Your Holiday Booking homeworker Gill Preston remains upbeat. Juliet Dennis reports.
Q. You’ve had a long and varied career in travel. How did you get started?
A. I’ve been in travel for 34 years. When I left college at 17, I worked in hotels, then I went travelling and lived on a kibbutz in Israel, picking avocados for £5 a week. I didn’t do it for the money, but it was a brilliant experience. Once a month, we visited different places, like the Dead Sea. Back home I got itchy feet and went travelling again, ending up in Turkey, and that’s how I really got into travel. I was chatting to someone at the airport and got offered a job as an airport rep with Nova Tours [set up after ILG’s demise], taking guests to the airport and back. I was thrown in at the deep end. I had a bit of training, then did one season before the company went bust. I had a couple of years working with smaller companies in Turkey before I got a job with Thomson as an overseas rep. I spent 12 years with Thomson and worked in Turkey, Cyprus, Gran Canaria and the Algarve. I absolutely loved it.
“I had a couple of years working with smaller companies in Turkey before I got a job with Thomson as an overseas rep. I spent 12 years with Thomson and worked in Turkey, Cyprus, Gran Canaria and the Algarve.”
Q. How did you find switching from being an overseas holiday rep to a travel agent?
A. I moved back to Leeds after Turkey, where I’d lived and got married. I was back with my parents with a two‑year-old. I got a job at an independent agency where I had to learn sales on the shop floor. I knew the countries but had to learn how to sell; it was a big change. I had a really supportive team. I could help with the resorts; they helped me with places I hadn’t been to and with managing codes and sales.
Q. Why did you become a homeworker?
A. The agency closed and I was made redundant. I got a job at the Post Office but missed travel. I didn’t want to work for a big company and there weren’t many independents nearby, so I decided to try homeworking. It was a massive step. I wasn’t sure if it was going to be the right thing for me, but looking back I wish I’d done it earlier. It was Future Travel when I joined [later Freedom Personal Travel Advisors]. It worked out for my lifestyle with my daughter, who was seven at the time.
“I decided to try homeworking. It was a massive step. I wasn’t sure if it was going to be the right thing for me, but looking back I wish I’d done it earlier.”
Q. How have you coped with Covid, so soon after the Thomas Cook collapse?
A. With Covid, it’s been worse financially. With Thomas Cook, we were on our own, but this year with Covid it hasn’t been just us – everyone has been in the same situation. I’ve dealt with it better. I did think the business was coming back in July, but then after the advice for Spain changed it went downhill. I’ve been lucky; I got some money from the government, and I don’t have to pay rent and rates for a shop. My husband is working full-time and my daughter got a job at Tesco. The last 12 months have been an emotional rollercoaster. My poor husband and daughter: one minute I’m alright and then I’m down. It’s been very difficult.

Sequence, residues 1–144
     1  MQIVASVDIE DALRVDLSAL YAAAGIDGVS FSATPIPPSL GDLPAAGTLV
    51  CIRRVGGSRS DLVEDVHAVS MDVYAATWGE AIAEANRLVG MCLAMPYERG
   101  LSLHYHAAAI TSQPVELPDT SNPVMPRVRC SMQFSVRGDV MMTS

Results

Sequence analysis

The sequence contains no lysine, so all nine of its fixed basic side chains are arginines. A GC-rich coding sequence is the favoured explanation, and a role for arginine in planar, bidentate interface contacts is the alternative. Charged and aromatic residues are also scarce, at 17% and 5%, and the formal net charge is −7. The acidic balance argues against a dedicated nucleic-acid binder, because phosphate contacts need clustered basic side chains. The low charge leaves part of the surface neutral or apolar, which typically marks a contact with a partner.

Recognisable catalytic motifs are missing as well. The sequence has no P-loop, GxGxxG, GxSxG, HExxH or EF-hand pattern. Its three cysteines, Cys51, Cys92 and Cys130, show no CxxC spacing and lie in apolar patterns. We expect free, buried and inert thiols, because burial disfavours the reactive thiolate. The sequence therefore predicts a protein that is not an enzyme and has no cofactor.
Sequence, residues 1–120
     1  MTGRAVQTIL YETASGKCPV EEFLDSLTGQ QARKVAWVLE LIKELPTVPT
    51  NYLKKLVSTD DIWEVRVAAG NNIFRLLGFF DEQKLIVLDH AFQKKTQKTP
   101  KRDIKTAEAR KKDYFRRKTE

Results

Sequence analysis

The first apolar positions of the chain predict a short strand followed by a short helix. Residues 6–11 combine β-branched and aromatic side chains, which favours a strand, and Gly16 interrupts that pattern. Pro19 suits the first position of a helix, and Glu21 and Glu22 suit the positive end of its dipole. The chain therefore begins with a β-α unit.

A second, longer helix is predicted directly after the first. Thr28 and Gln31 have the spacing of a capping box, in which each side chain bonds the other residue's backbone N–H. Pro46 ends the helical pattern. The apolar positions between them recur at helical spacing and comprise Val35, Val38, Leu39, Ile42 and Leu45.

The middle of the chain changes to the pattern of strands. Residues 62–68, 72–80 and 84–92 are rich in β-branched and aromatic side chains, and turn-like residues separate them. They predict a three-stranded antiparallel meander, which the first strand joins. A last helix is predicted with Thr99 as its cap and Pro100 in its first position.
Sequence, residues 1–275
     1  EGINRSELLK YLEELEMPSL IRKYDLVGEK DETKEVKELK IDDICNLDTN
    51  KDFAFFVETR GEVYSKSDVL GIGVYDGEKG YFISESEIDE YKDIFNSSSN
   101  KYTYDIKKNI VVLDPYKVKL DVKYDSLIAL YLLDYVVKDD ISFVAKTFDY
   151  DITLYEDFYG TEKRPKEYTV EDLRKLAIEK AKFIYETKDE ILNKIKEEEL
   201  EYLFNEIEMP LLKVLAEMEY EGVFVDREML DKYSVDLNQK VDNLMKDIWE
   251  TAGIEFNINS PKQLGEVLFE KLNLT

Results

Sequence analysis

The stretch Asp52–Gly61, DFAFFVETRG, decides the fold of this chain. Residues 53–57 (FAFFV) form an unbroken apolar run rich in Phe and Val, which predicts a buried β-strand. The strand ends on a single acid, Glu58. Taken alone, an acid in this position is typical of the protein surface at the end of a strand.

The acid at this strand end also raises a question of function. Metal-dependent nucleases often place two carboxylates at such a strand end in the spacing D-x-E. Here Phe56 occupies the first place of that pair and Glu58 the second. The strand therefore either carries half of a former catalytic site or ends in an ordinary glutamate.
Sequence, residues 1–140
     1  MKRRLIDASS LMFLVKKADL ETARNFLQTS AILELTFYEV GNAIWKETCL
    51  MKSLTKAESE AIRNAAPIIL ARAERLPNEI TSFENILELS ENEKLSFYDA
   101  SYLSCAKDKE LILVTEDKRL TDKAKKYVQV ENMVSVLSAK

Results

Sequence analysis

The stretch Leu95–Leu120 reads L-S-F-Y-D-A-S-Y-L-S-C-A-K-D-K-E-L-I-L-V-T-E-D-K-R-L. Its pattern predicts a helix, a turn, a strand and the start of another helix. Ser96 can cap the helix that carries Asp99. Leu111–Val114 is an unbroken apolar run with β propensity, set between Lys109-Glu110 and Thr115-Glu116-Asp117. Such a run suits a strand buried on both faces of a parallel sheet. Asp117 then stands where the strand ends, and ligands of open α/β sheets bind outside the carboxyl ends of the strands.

Q. Have you done anything to spur sales this year?
A. I’ve been in travel for more than 30 years, the last 10 of them in homeworking. To mark those 10 years, I decided to do something each day over 10 days on my Facebook page to promote the different holidays I can book, including rail holidays, packages, attractions, car hire and UK breaks. I gave away a prize a day – for things like making a booking or sharing a post on Facebook. I wanted people to know I’m still here, booking holidays.
“I’ve been lucky; I got some money from the government, and I don’t have to pay rent and rates for a shop. My husband is working full-time and my daughter got a job at Tesco.”
Q. What are the prospects for your business?
A. I did a video on destinations you can travel to and have been doing mailshots and phoning customers to say ‘I know you can’t travel now but I am still planning to be here for another 10 years plus’. I don’t want to give up.
You were a Freedom PTA when Thomas Cook collapsed. How did you rebuild?
I’d been a homeworker for nine years when Thomas Cook collapsed. It was hard trying to deal with customers but not being able to do anything. We didn’t have a licence to trade and couldn’t get into systems to check things. I had to tell customers to bear with me, that I would do my best to move to another company. I was not trading for only three days in the end, but they were three very long days. Your Holiday Booking, part of Vertical Travel Group, took on 100 Freedom advisors. Luckily, all our systems were with Vertical, so we just had to tweak a few things and were back up and running.
“When Thomas Cook collapsed, I thought I’d lost all my future bookings but a lot of operators let us move them over. Some we were dealing with even though we weren’t getting commission.”
I’d phoned other consortia [about joining] but it was going to take weeks to get set up. Your Holiday Booking knew we were struggling financially and gave us instant commissions, which we didn’t have before. That made a massive difference financially. When Thomas Cook collapsed, I thought I’d lost all my future bookings but a lot of operators let us move them over. Some we were dealing with even though we weren’t getting commission. It was also a learning curve in terms of which operators we wanted to work with from then on.